Laurie Anderson premieres "Habeas Corpus", a new performance piece combined with an multi-media installation, at the Park Avenue Armory this weekend. One of the youngest detainee at Guantánamo Bay, now living in South Africa, will be "beamed in" to take part in the performance. His story forms the center of "Habeas Corpus". Presented as part of "Habeas Corpus" is a stand-alone multi-media installation featuring musician collaborations.
The installation soundscape was created by the late musician Lou Reed (1942-2013), Anderson's husband. Live improvised music will enliven the installation when "Habeas Corpus" is not being performed, creating art at the Park Avenue Armory that's activated for most of the weekend.
The U.S. premiere of "Habeas Corpus" will be presented nightly at 8 p.m. from October 2 - 4, 2015. Audiences should be forewarned: not only is the subject matter difficult but experiencing the performance may be a challenge. General admission only, the performance requires standing for the length of the show.
The multi-media performance piece examines the story of Mohammed el Gharani, one of the youngest detainee at Guantánamo Bay in Cuba. Performance artist Laurie Anderson has been working with Gharani since March 2016 to develop the performance art, according to a column she wrote for The New Yorker.
The multi-media performance piece examines the story of Mohammed el Gharani, one of the youngest detainee at Guantánamo Bay. Performance artist Laurie Anderson has been working with Gharani since March 2016 to develop the performance art, according to a column she wrote for The New Yorker.
Gharani also appears in "Habeas Corpus". During the New York performance, his image will be broadcast live from South Africa to the Park Avenue Armory onto an oversized three-dimensional cast of his body that was inspired by the Lincoln Memorial in Washington, DC, wrote Anderson.
"I had planned this as a meditation about real time and telepresence: how to be there and not there at the same time," she wrote for The New Yorker. "Like all former Guantánamo detainees, Mohammed is not allowed to come to the U.S. I had imagined “Habeas Corpus” as a work of silent witness, deriving its power from live streaming, technology, and stillness—a work of equally balanced presence and absence."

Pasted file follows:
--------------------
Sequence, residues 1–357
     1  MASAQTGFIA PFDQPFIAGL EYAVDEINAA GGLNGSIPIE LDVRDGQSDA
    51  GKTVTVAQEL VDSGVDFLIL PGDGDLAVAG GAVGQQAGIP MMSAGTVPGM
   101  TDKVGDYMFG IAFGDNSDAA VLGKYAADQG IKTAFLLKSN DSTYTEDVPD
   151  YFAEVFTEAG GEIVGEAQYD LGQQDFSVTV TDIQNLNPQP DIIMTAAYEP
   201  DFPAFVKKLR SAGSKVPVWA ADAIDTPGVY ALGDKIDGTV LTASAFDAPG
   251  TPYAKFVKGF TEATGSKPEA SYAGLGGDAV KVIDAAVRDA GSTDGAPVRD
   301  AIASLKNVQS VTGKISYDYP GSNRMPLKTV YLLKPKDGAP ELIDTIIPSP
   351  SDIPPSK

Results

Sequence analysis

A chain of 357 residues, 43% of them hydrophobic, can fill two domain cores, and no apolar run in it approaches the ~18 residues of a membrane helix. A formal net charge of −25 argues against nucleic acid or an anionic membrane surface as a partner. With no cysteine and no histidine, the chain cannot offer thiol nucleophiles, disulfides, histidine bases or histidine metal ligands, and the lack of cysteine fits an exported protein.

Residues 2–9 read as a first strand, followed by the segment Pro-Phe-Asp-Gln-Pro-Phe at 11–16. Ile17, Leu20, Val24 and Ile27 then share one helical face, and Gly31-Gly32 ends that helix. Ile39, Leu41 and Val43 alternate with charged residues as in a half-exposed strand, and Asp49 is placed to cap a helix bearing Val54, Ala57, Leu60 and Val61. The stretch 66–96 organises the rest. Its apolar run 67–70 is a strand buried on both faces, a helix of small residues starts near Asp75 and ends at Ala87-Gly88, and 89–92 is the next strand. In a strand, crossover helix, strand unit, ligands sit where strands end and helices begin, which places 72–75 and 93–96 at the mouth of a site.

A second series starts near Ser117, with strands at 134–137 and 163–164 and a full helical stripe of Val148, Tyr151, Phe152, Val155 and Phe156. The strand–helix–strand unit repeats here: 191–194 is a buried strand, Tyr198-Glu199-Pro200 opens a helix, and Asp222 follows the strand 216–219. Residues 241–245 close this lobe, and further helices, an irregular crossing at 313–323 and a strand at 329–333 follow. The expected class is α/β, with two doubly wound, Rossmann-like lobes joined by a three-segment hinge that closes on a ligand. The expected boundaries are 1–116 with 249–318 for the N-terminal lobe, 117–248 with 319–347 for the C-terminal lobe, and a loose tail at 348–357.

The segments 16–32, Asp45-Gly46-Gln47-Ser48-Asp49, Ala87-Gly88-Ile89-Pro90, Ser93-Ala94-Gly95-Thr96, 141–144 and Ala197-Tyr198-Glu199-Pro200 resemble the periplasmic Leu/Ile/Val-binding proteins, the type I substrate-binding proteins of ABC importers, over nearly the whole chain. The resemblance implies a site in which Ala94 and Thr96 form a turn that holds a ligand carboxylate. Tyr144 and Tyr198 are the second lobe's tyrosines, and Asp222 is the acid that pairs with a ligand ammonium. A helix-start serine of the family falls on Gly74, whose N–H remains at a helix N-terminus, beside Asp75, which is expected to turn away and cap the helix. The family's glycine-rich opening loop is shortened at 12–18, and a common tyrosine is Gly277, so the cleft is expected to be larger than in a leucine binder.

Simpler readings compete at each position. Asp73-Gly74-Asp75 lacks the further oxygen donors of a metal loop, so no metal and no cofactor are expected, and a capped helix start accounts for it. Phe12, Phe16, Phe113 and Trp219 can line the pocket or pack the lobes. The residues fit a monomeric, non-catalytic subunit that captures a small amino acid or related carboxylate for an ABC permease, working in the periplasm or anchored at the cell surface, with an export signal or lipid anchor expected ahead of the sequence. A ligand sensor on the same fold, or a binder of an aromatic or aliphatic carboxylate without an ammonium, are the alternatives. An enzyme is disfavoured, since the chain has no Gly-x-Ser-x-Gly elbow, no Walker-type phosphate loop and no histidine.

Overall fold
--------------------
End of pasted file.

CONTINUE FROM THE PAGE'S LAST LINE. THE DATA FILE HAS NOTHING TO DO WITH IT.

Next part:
In addition to the performance, a multi-media installation is open for viewing during the day. Installed in the drill hall, visitors are encouraged to come inside and meditate on time, identity, surveillance and freedom. The installation includes a soundscape originally designed by Lou Reed, film by Anderson, and improvised live music performances held throughout the day.
The soundscape features feedback from guitars and amps combined with sounds pulled from audio surveillance and nature. Films screening include "From the Air" by Anderson, which explores the impact of global events on daily life and resonates with themes explored in el Gharani’s story, according to The Park Avenue Armory.
Evenings wrap up with a concert and dance party featuring Laurie Anderson, Syrian singer Omar Souleyman, Merrill Garbus of tUnE-yArDs, multi-instrumentalist Shahzad Ismaily and guitarist Stewart Hurwood. Libations will be available at a special bar in the Board of Officers Room until 10 p.m.
"Habeas Corpus" was commissioned by The Park Avenue Armory.
Laurie Anderson and Lou Reed lived in Amagansett in The Hamptons. Anderson's video installation At the Shrink's, 1975 was exhibited at Guild Hall in "Escape: Video Art" in 2012 at the East Hampton museum. Anderson has performed at Guild Hall and given lectures at LongHouse Reserve, also in East Hampton, N.Y.
BASIC FACTS: "Habeas Corpus" will be presented October 2 - 4, 2015 at 8 p.m. at the Park Avenue Armory. Tickets are $45 and include access to the installation. Performances are general admission and has audience members standing for the entire length of the show. Doors open at 7:30 p.m. To purchase tickets, click here. The Park Avenue Armory is located 643 Park Avenue, New York, NY 10065. www.armoryonpark.org.
RELATED: "Bringing Guantánamo to Park Avenue" by Laurie Anderson. Published in The New Yorker on September 23, 2015.
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